Bruce Arnold

Critic of Public Affairs, writing about art, theatre, music and politics

It's undeniable: Cowen is a big failure as Taoiseach

BRIAN Cowen received a sympathetic and encouraging start when he became Taoiseach last May.

He had the unanimous support of the Fianna Fail Party and organisation. The press gave him an almost ecstatic welcome, parading his supposed merits and strengths and seeing him as head-and-shoulders over any possible rivals. I differed from this, lamenting the fact that there had not been a leadership contest -- always of value in defining a political party's future -- and questioning the poisoned chalice offered by his predecessor.

I questioned what I saw as far too extravagant praise for a career of no great distinction or achievement, as well as a period in the Department of Finance that had not looked sufficiently to the future. He had warned about looming clouds over the economy in 2006, but had done nothing.

Then came the setbacks. He failed over the Lisbon Treaty, and ran a poor, misconceived campaign which he thought would be a walkover. In this he displayed seriously bad judgment. He then compounded this lack of leadership. The first thing he did was to blame others, even during the campaign. He did this notably to Fine Gael, for not pulling their weight, and to Labour for not being united enough.

He brought forward the Budget in a quite dramatic way and then fell on his face, making a massive mess of the things that had been decided -- one wonders how involved the Government really were in this, and who in fact called the shots, Lenihan or Cowen, or no one? It turned out to have been a foolish piece of false energy and determination.

It was tied up with three other issues, so that the sense of his inadequacy spread like sickness among the public generally, as well as within the public service. These issues were, firstly, the absurdity of a social partnership still trying to organise public pay, involving increases, when the country was in a state of near panic over the economic and banking crisis. We needed to bring public pay back into the Oireachtas where it could be reduced.

Secondly, there was the crucial issue of public service reform, the outline of which should have preceded the Budget, letting its broad objectives be shaped within that Budget's strategy. As it happened, this did not matter, and would not have happened anyway, since the Reform Package was such a dismally unoriginal set of flaccid ideas which Cowen promptly, and stupidly, consigned to a committee. This is a group of very senior figures. Their tried and tested safety has shown up, more than anything else, that we have no new minds working in this vital area. They will report next summer. The Government, after the summer break, will think about the proposals, and at the very least a further year will be lost.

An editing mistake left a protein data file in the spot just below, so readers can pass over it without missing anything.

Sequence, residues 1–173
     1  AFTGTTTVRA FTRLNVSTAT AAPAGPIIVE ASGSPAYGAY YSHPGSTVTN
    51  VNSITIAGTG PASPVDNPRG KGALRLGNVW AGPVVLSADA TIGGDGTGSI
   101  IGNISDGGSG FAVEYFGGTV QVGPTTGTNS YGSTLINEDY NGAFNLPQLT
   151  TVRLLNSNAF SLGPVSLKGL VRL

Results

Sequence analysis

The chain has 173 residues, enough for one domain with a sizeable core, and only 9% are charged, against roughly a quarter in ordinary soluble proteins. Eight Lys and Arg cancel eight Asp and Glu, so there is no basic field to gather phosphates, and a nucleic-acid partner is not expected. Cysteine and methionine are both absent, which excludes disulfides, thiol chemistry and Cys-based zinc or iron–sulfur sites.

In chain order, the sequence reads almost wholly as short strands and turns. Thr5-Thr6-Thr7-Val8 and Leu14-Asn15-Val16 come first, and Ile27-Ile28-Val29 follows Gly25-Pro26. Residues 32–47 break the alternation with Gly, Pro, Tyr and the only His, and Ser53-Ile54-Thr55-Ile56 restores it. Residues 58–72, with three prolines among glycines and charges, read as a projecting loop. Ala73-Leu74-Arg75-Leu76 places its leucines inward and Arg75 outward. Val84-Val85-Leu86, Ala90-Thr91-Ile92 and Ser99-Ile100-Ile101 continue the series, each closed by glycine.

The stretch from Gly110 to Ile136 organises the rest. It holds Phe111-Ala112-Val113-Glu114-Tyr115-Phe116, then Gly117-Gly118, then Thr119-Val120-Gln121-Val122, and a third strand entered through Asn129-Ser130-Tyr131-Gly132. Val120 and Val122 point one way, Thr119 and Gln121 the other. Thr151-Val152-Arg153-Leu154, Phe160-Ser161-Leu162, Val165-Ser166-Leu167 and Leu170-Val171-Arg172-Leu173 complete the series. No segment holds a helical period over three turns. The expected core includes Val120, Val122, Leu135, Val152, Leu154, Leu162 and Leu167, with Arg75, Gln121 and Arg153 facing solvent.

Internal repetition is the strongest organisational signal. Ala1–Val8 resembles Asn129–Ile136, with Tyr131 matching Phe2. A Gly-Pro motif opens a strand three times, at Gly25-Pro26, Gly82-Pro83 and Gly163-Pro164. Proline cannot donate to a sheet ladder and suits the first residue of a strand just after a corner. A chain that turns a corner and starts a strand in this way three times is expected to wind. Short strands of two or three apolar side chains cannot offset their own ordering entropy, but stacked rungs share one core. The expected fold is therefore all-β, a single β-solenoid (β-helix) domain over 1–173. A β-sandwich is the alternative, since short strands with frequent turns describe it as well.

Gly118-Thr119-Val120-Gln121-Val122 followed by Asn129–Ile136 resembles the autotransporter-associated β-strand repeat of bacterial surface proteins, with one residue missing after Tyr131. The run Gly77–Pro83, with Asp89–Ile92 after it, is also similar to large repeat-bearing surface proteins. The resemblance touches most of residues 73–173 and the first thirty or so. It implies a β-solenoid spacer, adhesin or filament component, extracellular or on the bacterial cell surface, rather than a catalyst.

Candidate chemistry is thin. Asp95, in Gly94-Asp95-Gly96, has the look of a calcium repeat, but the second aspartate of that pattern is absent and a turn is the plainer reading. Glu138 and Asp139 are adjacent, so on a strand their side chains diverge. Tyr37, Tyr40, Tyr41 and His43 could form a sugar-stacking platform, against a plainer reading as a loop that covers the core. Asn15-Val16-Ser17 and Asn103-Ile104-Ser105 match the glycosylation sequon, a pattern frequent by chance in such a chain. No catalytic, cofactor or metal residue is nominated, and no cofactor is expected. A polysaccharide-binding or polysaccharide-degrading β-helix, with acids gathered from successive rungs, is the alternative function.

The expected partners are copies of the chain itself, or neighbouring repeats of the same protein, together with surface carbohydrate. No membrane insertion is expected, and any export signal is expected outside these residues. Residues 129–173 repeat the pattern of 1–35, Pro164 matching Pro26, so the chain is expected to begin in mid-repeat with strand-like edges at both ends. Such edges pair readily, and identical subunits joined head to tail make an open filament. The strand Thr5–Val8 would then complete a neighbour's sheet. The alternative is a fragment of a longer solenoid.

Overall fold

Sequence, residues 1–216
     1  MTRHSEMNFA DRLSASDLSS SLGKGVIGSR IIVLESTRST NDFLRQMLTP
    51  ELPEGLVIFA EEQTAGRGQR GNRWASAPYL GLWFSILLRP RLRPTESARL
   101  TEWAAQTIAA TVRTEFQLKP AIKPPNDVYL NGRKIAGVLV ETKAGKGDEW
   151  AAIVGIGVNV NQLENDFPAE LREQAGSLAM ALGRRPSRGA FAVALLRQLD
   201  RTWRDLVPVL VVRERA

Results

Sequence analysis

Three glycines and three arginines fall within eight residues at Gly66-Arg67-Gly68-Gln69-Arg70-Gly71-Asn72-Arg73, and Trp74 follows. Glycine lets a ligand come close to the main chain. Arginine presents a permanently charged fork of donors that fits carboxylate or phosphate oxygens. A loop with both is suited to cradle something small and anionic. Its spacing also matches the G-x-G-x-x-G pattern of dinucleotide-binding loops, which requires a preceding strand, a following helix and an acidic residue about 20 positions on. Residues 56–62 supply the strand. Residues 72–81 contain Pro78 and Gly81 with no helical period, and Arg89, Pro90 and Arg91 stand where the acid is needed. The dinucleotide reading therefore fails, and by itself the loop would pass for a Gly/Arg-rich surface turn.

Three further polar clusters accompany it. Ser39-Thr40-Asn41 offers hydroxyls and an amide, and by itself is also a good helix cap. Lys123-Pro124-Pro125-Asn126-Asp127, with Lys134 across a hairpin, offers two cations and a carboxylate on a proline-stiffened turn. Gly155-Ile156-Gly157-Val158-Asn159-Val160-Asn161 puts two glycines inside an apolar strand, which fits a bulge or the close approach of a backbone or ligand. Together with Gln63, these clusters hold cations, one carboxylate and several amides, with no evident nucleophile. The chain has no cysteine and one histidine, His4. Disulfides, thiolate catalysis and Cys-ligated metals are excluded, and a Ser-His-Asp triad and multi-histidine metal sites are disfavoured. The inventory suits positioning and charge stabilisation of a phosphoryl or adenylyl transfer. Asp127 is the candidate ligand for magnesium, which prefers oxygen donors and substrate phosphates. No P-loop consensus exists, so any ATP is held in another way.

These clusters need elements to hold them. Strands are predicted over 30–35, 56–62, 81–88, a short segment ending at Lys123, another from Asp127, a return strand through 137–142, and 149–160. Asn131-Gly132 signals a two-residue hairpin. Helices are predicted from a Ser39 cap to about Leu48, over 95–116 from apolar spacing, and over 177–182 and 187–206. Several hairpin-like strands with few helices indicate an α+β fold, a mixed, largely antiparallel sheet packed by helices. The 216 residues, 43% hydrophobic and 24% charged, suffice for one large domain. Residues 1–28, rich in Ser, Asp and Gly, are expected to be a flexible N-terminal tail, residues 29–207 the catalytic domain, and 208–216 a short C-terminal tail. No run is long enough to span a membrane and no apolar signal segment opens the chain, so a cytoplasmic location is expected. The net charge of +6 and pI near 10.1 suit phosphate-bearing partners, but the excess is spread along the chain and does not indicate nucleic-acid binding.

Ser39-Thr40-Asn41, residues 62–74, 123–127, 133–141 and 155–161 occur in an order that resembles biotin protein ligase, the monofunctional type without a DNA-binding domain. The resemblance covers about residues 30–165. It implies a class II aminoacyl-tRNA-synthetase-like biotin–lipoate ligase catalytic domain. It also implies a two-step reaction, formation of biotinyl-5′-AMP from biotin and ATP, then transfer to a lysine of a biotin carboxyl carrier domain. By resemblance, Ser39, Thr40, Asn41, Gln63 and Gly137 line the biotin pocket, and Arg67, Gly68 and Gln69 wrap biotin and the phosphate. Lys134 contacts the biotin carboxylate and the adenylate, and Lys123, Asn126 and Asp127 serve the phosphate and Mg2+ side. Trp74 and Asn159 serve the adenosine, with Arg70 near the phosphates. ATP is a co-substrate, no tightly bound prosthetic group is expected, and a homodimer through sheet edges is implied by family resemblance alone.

Thirdly and separately there was the outrageous fact that we have created up to 800 hived-off State enterprises, costing massively more money than their work would have cost if contained within the conventional civil and public service framework, and we need to re-absorb them and save hundreds of millions by so doing.

This needed urgent attention backed by legislation. Little did I know, when I wrote of it in general terms, last week, that it would blast its way on to the front pages with the FAS scandal.

Even less could I have predicted what a complete mess of it Brian Cowen would make, supporting the FAS CEO whose resignation he should have sought immediately. If that is how he handles a scandal, what hope is there of him addressing straightforward but necessary reform. The awful reality is that Brian Cowen is no leader. He doesn't just lack leadership potential; he lacks all the essentials of leadership.

From personal experience I can cite, from the leaders we have had, over the past half-century, those who have been better. With the possible exception of Bertie Ahern and Albert Reynolds, all others qualify.

Leaders need courage, consistency, determination. They need to have an overall strategy and stick to it. They need to make palatable what they believe in. If major restructuring is needed they have to implement it with clarity and conviction, possibly also with speed, in Ireland's case.

Leadership involves choosing a good team. Cowen has chosen badly. His closest ally and Tanaiste, Mary Coughlan, has been a serious disappointment. Brian Lenihan is disappointingly slack in strategic definition of what he is doing and, with Cowen, guilty of an appalling misjudgment over his first Budget.

Leaders need to communicate persuasively. They have to present their strategies in human and credible terms.

Leaders must know how to handle those who serve them, how to weed out the lazy, the bad and the corrupt, how to replace them with fresh talent.

For six months Brian Cowen has fumbled his way forward, making mistake after mistake, and failing repeatedly to make sense at all of our future. We know it is going to be bad. He makes it worse by his indecision. There is no strategy and no courage.